Research by Alliance for Talent Development (ATD) shows that HR departments, due primarily to budgetary considerations, are less likely to perceive talent management as an integrated process, let alone to address it as such (ASTD global conference, 2009). Departments like HRD, for instance, will receive more budget when they have an attractive talent development program on offer and career development will receive more funding when they support the organizations’ outliers on carefully laid out career paths. It seems to me that every HR department fights for a piece of the puzzle, without actually completing the picture.

When talent development does take place, it’s rather often decoupled from business needs and strategy, unfortunately. My recent experience with Tempo-Team has proven to be a positive exception to this rule. In 2013 I was involved in the design and development of their potential program. It aims to bring 80% of young potentials across business units, roles and brands to promotion across the organisation within a period of 1,5 years. This business impact metric brought the development side of the program into immediate alignment with talent management, both in terms of the promotions that were offered and the sharp selection that had to take place before the program. Tempo-Team formulated SMART entry requirements for the candidates and utilizes a regular potential assessment process, three-way dialogues with managers, candidates and HR and an assessment to help narrow the selection.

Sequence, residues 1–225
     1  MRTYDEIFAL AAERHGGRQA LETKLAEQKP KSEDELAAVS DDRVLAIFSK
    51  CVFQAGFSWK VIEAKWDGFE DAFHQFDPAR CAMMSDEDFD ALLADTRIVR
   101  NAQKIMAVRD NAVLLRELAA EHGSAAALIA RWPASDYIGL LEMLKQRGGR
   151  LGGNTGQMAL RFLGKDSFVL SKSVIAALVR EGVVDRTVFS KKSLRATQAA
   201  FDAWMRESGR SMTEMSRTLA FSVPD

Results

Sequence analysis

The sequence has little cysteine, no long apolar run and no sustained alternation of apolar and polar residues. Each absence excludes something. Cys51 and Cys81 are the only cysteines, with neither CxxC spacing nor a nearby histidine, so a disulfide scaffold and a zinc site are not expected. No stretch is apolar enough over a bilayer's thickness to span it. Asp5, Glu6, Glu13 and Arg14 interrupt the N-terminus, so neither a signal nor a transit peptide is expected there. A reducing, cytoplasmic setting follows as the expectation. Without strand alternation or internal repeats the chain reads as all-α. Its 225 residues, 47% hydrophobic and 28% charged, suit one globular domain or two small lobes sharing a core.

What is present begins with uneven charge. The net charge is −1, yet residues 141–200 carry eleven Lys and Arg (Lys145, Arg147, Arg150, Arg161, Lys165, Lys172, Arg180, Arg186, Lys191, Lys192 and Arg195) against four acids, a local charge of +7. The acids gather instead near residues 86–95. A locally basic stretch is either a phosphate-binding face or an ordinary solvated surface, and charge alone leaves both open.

What drove Tempo-Team to invest in this effort? Over an extended period prior to this initiative external hires were found to be significantly less ‘durable’ and therefore more costly than ‘homegrown’ talent. Sustainability of their talent pool was therefore a requirement.

To integrate the talent development efforts more strongly, organizations have a frequently untapped opportunity to make strategic organizational development part of the ‘curriculum’. Unfortunately the two worlds of working and learning are separated quite often, rendering organisational development through learning impossible. From an integrated perspective – and Tempo-Team did this splendidly – that separation is not made. Jobs, roles and projects connect seamlessly with the topics in the talent program and the curriculum provides ample opportunities for talents to learn on the job and not only in the classroom.

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After talent programs have come to an end, some organizations stage regular talent reviews (Bryan and Joyce, 2007; Cappelli, 2008) to optimize the match between talents, jobs, projects and initiatives. An even smaller group of organizations will offer their talents personal support in their career development, sometimes even after they’ve left the organization (FowLab, 2015). The combination of talent reviews and career development creates a fruitful dialogue between the organizational need for talent deployment and the talents’ unique desires for their professional development and careers.

How does the level of integration of your talent management efforts stack up? Show us your field notes and let’s continue our joint journey to bring our organizations to the future and vice versa.